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10 Must Reads for the CRE Industry Today (July 25, 2020)

Senator Kamala Harris introduced the Relief Act, which would ban evictions and foreclosures for a year, reports CNBC. Big banks are urging Congress to hurry up on another stimulus package as economic conditions are worsening, according to Business Insider. These are among today’s must reads from around the commercial real estate industry.

  1. Landlords Are Encouraged to Think Creatively as 28 Million Americans Face Eviction “Sen. Kamala Harris joined the movement to address the housing crisis in America. The California Democrat introduced the Relief Act, which would ban evictions and foreclosures for a year for tenants and homeowners. Those affected would have 18 months to make up missed rent payments. This comes on the heels of a May survey by the American Apartment Owners Association that found nearly 60% of landlords said their tenants are unable to pay rent because of the coronavirus and 80% said they’re willing to work with these renters.” (CNBC)
  2. Fed Hoped to Skirt a Second Virus Wave. Small Businesses May Sink in It “That outlook, taking shape from a range of research in recent weeks by business organizations and think tanks, suggests a reckoning awaits Federal Reserve officials and other policymakers who rolled out support quickly in March and April, and by June seemed hopeful an economic rebound was taking root.” (Reuters)
  3. Wall Street Giants Urge Congress to Fastrack ‘Expensive’ Stimulus Bill Before Recession Worsens “The economic backdrop is already worsening. The University of Michigan's consumer sentiment index slid to 73.2 in July from 78.1, erasing much of its recent gains amid fresh virus outbreaks. Credit card spending growth slowed in mid-July as well, JPMorgan said in a Wednesday note, suggesting ‘that the rapid economic rebound seen in May and early June has lost momentum.’” (Business Insider)
  4. Bankrupt Neiman Marcus to Vacate the Hudson Yards Mall in New York “It has hardly been a year since lucky invitees danced the night away and sipped champagne throughout a sprawling new Neiman Marcus department store in Manhattan, with the opening party featuring a special performance by Liza Minnelli. The bankrupt department store chain is now set to vacate the glitzy Hudson Yards shopping mall on the West Side in New York City, a Thursday court filing said.” (CNBC)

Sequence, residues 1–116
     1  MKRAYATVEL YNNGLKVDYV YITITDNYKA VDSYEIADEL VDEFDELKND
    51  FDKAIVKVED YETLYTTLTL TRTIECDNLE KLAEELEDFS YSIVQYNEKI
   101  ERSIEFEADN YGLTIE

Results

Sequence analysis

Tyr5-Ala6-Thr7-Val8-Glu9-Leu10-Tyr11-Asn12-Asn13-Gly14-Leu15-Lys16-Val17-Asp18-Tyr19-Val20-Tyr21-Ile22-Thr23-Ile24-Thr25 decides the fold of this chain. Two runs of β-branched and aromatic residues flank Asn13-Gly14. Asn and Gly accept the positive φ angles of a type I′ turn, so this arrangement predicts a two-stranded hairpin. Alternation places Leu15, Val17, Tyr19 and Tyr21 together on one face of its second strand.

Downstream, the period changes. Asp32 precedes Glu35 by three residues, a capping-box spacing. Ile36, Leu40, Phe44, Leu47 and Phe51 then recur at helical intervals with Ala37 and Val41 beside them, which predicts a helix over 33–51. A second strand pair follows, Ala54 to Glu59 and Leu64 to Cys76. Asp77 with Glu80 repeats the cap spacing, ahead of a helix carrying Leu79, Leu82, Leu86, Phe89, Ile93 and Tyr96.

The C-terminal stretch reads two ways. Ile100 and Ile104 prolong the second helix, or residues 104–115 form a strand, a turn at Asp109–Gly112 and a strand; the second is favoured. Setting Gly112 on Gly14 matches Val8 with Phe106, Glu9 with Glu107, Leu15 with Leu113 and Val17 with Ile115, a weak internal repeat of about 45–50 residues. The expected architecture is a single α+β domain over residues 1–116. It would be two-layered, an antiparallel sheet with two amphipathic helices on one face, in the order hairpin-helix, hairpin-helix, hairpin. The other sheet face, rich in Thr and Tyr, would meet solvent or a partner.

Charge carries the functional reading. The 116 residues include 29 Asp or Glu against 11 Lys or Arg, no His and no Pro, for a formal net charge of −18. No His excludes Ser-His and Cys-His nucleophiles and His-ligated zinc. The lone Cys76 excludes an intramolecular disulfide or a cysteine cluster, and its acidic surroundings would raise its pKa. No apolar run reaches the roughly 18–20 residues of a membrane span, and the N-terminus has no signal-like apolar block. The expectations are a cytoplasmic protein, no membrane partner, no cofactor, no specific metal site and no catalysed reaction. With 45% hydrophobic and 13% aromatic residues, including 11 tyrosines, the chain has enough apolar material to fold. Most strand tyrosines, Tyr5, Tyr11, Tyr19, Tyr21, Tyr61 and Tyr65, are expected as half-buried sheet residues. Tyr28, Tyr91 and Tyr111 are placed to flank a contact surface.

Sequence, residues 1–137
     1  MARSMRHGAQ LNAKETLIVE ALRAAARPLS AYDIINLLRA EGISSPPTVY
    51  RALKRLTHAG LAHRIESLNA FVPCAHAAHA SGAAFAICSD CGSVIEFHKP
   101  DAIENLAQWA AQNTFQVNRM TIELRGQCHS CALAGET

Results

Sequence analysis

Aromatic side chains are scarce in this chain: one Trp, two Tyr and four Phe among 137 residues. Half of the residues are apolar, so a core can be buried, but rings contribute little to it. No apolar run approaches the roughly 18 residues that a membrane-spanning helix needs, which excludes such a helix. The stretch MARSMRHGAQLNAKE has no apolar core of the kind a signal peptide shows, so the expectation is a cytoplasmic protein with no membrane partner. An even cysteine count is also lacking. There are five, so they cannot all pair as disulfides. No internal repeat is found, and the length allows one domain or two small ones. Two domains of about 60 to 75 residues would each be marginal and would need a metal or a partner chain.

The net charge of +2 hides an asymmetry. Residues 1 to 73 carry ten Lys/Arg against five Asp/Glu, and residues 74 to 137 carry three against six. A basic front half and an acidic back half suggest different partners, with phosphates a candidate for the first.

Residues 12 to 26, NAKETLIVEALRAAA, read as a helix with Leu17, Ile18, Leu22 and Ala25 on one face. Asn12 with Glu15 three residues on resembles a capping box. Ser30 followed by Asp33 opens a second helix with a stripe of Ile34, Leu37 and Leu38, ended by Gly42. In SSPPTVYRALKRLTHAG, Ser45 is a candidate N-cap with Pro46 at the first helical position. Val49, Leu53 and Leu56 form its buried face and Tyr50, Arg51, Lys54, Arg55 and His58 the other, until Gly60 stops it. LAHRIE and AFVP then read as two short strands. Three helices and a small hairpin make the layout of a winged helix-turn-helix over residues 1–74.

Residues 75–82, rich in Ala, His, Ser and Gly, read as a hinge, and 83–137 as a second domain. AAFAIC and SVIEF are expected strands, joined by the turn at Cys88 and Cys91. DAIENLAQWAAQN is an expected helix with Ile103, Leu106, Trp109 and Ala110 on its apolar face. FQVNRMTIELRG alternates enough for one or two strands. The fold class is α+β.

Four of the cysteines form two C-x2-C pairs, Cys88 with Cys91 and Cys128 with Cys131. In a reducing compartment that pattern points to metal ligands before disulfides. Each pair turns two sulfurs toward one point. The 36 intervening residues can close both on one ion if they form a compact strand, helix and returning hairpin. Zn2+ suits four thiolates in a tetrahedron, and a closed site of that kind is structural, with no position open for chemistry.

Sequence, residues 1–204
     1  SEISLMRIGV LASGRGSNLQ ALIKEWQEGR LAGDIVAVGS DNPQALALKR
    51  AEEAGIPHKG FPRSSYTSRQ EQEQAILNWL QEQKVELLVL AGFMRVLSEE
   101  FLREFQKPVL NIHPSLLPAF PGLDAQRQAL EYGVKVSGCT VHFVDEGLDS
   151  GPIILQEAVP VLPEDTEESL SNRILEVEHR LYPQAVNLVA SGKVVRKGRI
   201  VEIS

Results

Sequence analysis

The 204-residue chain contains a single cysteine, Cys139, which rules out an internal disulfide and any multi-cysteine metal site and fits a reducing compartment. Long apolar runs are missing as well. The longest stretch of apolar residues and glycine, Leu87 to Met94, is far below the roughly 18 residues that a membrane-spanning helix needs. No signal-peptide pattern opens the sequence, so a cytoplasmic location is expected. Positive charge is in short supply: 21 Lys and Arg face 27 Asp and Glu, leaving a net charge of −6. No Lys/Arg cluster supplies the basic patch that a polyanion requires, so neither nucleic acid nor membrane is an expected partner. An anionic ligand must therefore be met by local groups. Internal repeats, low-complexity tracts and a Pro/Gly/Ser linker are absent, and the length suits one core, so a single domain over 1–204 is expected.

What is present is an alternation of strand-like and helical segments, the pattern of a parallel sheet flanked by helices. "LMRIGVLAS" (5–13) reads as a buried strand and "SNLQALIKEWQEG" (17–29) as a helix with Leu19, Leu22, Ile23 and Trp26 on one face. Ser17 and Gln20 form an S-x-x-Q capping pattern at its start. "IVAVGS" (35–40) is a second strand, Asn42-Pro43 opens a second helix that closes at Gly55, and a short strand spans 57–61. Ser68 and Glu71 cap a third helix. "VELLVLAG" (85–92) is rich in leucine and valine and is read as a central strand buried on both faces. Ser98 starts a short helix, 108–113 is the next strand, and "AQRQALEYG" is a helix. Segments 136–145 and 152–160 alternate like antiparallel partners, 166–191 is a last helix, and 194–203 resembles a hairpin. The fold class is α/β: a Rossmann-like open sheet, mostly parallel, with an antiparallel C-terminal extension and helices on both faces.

5. CRE Women on the Obstacles They Have Overcome “As a follow up for this year’s Woman of Influence July/August celebration, we followed up with some of the women to discuss some of their biggest challenges and obstacles they have faced as a women in the CRE industry and how they have overcome those obstacles.” (
  6. Which CRE Markets Top STEM Job Growth Ranking? “Charlotte, N.C., has pushed past Austin, Texas, in the 2020 STEM Job Growth Index. Austin previously held the top spot in the STEMdex since its creation in 2016 by a partnership of RCLCO Real Estate Advisors and CapRidge Partners. Rounding out the Top 5 this year were Denver, Seattle and Raleigh, N.C. The STEMdex tracks science, technology, engineering and mathematics job growth in the country’s 38 largest metro regions.” (Commercial Property Executive)
  7. Bankrupt Brooks Brothers Gets $305M Stalking Horse Bid “A familiar team is vying for the bankrupt men’s clothier Brooks Brothers Group. An entity backed by Authentic Brands Group and Simon Property Group submitted a $305 million bid as part of a court-supervised auction for the troubled brand, Bloomberg reported. Brooks Brothers announced its Chapter 11 bankruptcy July 8.” (The Real Deal)
  8. Navigating the Pandemic and NYC’s Decarbonization Mandates Double Difficult for CRE “Navigating the reopening period after the worst pandemic in a century would seem a daunting enough task for commercial building owners. But in New York City, that's not the only obstacle commercial property executives face. They're also dealing with the Climate Mobilization Act's Local Law 97 (LL97) and its initial deadline of 2024. New York City buildings of more than 25,000 square feet must notch a 40% reduction in emissions by 2030.” (Forbes)
  9. One Month In Outdoor Dining Is an Important Yet Messy Lifeline for SF Restaurants “Alexis Solomou wanted his tables looking sharp as he prepared to open his Italian restaurant, Seven Hills, for outdoor dining in June. He placed little plants on each menu to weigh them down, thinking he’d save time during service. He put out candles, and he unfurled a rug to make the sidewalk feel cozier. But the charming neighborhood restaurant’s location on a breezy, sloping street in Russian Hill presented some issues: The candles wouldn’t stay lit. Someone tripped over the rug. And despite the plants, the menus fluttered away with the wind.” (San Francisco Chronicle)
  10. ‘Learning Hubs’ Opening Across SF to Help 6,000 Kids in Need with Distance Education “San Francisco officials are readying an unprecedented educational assistance program for the fall meant to help up to 6,000 children with their distance-learning needs, as parents and students confront the reality of starting the school year without classrooms during the COVID-19 pandemic. Starting in September, dozens of recreation facilities, libraries and community centers across the city will be transformed into ‘learning hubs,’ spaces where young students who may struggle with remote instruction can go each day to access their digital classwork and the social interactions that virtual schooling cannot provide.” (San Francisco Chronicle)
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